The following afternoon, Wilson met with Geragos and Avenatti again to work out the details of the internal investigation, bringing along a hidden camera. In the video shown in the courtroom, shot vertically upward from the conference-room table, Avenatti appeared tense at the outset, sitting quietly as Wilson and Geragos made small talk, his jaw clenched as he gripped his chair’s armrests, his cuff links flashing. Abruptly, he tossed a draft settlement across the table, addressing the coach’s claims against Nike, which by now were an afterthought.

“So here’s the ask,” Avenatti said, leaning back in his chair and scratching his palm. He proposed an investigation costing a minimum of $15 million and a maximum of $25 million. Wilson told Avenatti he had never conducted an investigation that cost more than $10 million. “Have you ever held the balls of a client in your hand, where you could take $5 to $6 billion of market cap off of them?” Avenatti asked. “I’m going to bring the power of my platform to bear. Nike has their platform, and I have my platform.”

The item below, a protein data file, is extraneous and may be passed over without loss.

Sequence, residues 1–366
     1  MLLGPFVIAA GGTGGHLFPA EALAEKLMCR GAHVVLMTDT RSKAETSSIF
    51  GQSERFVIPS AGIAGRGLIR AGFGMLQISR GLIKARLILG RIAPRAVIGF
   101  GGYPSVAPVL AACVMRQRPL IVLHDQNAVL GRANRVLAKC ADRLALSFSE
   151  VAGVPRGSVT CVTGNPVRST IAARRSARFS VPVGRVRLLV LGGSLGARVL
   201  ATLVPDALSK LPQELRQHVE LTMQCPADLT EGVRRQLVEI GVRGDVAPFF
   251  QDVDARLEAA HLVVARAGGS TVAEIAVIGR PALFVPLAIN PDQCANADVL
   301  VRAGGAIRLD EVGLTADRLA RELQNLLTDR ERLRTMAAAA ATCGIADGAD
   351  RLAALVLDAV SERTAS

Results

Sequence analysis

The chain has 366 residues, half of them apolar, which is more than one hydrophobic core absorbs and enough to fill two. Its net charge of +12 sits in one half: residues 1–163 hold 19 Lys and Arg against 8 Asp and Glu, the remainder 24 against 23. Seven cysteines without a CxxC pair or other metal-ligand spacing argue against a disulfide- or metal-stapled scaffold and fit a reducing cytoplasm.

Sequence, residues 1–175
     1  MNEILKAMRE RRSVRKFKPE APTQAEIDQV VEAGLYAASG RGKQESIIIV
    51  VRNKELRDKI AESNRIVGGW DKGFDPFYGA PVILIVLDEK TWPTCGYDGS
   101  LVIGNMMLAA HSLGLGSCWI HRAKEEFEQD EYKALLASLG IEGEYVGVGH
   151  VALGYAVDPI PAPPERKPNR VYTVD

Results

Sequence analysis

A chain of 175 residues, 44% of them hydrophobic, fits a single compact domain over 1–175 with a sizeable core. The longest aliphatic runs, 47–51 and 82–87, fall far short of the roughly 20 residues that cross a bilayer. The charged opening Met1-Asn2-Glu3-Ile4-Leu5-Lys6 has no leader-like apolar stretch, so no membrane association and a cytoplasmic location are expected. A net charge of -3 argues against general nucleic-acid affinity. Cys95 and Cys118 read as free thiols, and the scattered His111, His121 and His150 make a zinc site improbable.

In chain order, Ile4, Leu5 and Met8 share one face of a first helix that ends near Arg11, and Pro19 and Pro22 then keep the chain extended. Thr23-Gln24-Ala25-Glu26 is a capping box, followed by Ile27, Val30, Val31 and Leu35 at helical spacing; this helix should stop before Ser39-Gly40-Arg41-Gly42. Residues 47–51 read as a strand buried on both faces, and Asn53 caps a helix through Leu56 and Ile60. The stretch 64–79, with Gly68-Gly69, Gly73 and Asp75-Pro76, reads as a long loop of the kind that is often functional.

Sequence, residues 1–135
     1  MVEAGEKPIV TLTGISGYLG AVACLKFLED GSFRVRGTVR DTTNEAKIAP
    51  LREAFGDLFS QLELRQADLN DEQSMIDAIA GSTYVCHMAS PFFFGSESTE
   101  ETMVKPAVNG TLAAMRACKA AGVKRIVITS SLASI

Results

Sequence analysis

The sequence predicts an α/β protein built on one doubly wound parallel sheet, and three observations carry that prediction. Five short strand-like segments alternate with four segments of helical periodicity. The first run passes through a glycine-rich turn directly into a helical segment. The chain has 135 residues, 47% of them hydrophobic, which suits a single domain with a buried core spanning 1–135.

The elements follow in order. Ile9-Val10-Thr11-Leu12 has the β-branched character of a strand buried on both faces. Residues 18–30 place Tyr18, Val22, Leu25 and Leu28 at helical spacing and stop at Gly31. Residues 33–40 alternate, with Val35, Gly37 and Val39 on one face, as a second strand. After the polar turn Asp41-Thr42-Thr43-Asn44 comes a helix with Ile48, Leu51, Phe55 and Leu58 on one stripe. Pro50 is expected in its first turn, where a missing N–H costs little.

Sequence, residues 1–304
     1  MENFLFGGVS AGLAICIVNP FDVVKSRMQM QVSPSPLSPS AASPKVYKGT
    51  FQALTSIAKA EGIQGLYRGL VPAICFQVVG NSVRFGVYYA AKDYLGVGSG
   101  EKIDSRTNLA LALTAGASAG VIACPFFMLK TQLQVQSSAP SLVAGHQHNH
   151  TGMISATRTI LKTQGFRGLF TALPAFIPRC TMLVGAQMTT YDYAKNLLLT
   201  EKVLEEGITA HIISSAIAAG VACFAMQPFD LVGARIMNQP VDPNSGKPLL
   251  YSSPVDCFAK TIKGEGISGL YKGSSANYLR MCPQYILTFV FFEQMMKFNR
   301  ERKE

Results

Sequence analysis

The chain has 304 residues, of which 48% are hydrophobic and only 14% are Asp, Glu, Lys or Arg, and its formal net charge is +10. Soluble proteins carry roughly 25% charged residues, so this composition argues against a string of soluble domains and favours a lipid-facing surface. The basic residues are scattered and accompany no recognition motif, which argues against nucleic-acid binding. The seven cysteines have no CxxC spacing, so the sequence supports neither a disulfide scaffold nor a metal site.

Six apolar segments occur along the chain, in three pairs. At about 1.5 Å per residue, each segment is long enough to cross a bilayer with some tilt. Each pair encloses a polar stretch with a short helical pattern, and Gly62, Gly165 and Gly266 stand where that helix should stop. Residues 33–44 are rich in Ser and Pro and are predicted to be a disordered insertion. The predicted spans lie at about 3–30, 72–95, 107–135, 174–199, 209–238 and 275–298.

Geragos attempted to conciliate, saying that “besides cashing checks, we like to also effect change.” (Prosecutors did not charge him with a crime.) But Avenatti stubbornly kept repeating his terms: a confidential investigation or public exposure. Eventually, he came up with a figure that could convince him to walk away. “If Nike wants to have one confidential settlement and we’re done, they can buy that for $22.5 million,” Avenatti said. “Full confidentiality, and we ride off into the sunset.” He said he was finished negotiating, though, laying out the alternative scenario. “As soon as this becomes public, I am going to receive calls from all over the country from parents and coaches and all kinds of people. This is always what happens. And they are all going to say I’ve got an email or a text message or … Now, 90 percent of that is going to be bullshit, because 90 percent of the time, always, whether it’s R. Kelly or Trump, the list goes on and on — but 10 percent of it is actually going to be true.